Defending America's Cup champion Dennis Conner bounced back with two victories in protest-riddled trial racing today, while sure-fire challenger Australia II took a thrashing at the hands of the British, then faced allegations of sandbagging.

Much developed before the eyes of few on Rhode Island Sound, including the closest trial race in six years--Liberty's one-second triumph over rival Defender--two protests by Defender skipper Tom Blackaller and the general sense that the competitive fires are starting to build among the Americans in these final days before the Cup.

Dull gray skies and spitting rain kept all but the hardiest observers from the course eight miles out to sea, but those who braved it saw a classic finish in the second American trial race.

Not since Lowell North and Ted Turner finished one second apart in a 1977 trial had one been this close. Spectators watched, astonished, as Conner's Liberty and Blackaller's Defender, which had started their second race of the day exactly even, turned up 20 miles later side-by-side.

Only one observer was unmoved--a lonely lobster fisherman who inexplicably sat smack in the middle of the finish as the sleek 12 meters bore home. The lobsterman never flinched as the boats finished 10 yards on either side of him, dropping their sails to lower wind resistance and shooting into the wind just a heartbeat apart.

The victory-by-an-eyelash climaxed a race in which the lead changed hands on every leg but one and it buoyed spirits in the Liberty camp after back-to-back defeats to the third U.S. boat, Courageous, on Wednesday. Conner was particularly encouraged that his boat overtook Defender three times on upwind legs.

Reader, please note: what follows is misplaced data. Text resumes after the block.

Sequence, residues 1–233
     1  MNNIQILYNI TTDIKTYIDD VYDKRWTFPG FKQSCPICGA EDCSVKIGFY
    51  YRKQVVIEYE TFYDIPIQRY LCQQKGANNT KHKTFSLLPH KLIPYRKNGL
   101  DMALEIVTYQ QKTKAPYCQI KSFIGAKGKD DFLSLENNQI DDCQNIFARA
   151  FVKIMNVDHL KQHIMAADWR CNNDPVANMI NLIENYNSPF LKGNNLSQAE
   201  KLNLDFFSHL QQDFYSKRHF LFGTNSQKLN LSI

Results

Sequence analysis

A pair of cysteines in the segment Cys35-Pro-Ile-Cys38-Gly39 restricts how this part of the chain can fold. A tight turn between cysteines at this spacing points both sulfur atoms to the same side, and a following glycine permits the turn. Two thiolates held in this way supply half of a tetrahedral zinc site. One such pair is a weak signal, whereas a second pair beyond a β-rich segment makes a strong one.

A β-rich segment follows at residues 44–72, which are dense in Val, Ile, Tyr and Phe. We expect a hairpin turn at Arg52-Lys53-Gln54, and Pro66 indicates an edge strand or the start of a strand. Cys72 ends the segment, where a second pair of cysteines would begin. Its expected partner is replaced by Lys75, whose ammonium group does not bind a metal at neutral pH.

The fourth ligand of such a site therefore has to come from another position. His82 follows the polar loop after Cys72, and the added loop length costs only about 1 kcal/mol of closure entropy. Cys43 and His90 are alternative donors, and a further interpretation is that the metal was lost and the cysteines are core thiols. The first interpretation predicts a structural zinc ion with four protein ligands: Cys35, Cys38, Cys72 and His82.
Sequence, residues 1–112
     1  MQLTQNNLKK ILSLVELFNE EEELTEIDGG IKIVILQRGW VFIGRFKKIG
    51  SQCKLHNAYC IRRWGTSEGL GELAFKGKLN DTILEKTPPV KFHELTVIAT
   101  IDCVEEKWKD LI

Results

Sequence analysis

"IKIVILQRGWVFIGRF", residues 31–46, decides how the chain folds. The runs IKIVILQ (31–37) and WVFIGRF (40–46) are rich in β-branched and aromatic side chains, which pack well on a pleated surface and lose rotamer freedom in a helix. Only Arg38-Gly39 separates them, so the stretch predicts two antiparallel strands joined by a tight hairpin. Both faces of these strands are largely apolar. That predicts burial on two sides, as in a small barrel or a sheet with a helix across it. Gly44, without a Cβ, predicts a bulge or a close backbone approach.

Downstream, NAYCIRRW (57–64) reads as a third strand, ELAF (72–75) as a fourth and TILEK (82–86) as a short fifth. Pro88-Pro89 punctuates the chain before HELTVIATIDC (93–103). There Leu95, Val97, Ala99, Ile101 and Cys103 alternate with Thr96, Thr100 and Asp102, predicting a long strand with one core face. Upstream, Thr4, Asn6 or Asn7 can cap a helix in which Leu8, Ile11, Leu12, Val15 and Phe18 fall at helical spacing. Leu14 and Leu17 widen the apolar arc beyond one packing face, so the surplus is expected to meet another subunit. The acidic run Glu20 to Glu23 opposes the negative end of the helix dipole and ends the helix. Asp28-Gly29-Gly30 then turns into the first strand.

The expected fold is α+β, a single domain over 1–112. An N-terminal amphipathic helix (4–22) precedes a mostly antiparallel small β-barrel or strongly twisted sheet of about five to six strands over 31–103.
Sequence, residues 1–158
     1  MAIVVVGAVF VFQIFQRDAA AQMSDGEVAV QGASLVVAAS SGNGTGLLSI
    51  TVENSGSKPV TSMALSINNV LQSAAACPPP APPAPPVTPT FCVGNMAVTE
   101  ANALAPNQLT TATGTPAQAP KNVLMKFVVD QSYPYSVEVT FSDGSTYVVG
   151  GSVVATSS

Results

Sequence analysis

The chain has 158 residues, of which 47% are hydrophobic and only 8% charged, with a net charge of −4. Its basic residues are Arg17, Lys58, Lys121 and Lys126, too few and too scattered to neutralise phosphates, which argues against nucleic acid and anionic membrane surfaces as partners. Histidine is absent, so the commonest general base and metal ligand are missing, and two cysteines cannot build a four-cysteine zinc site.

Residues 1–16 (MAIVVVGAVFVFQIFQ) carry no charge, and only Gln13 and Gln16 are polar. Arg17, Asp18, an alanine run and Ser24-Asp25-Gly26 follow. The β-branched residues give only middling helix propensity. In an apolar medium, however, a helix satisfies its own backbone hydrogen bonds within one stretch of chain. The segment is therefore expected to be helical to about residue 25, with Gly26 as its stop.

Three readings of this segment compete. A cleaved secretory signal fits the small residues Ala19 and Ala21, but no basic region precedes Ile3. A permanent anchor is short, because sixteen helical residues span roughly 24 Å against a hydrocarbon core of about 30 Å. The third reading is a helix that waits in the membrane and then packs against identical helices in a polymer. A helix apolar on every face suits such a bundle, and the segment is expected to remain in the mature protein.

But who gets the final credit for the win was not known because Blackaller protested one of Conner's overtaking tactics. A hearing will be held within a few days.

Blackaller also protested the first race, in which Conner stumped him at the start and romped away to a 3-minute-plus victory. Blackaller contends Conner's starting tactics in that race were illegal. Conner and his crewmen maintain both the protests are "chicken feathers."

"He protests us every race," said Liberty tactician Tom Whidden, "and we beat him every race. We're getting pretty good at defending (against the protests)."

Elsewhere, Australia II, undefeated since July and running away with the semifinal trials to pick a Cup challenger, suddenly turned up hopelessly slow against principal rival Victory '83, losing their race by 2 minutes 50 seconds. The Aussies said a bad choice of mainsail slowed them down, but Conner blasted the turnaround as "sandbagging."

"Obviously they threw it," said Conner. "They're trying to take the heat off."

The heat he meant is the heat his organization is applying to have the Australians' radically designed keel ruled illegal by the International Yacht Racing Union.

Indeed, British syndicate chief Peter de Savary offered the advice to the Americans to "drop all the moves to stop the Australian boat, get out on the water and, if Australia is the challenger, beat her. Today we demonstrated that can be done."

Said Conner, "Tell de Savary thanks for the advice. We're going to take it."

Victory '83's win gave her and Australia II identical records of 5-1 in the nine-race challenger semifinal round to eliminate two boats. Azzurra, which beat Canada 1 today, is 2-6 and needs just one loss to be eliminated. Canada is 0-6.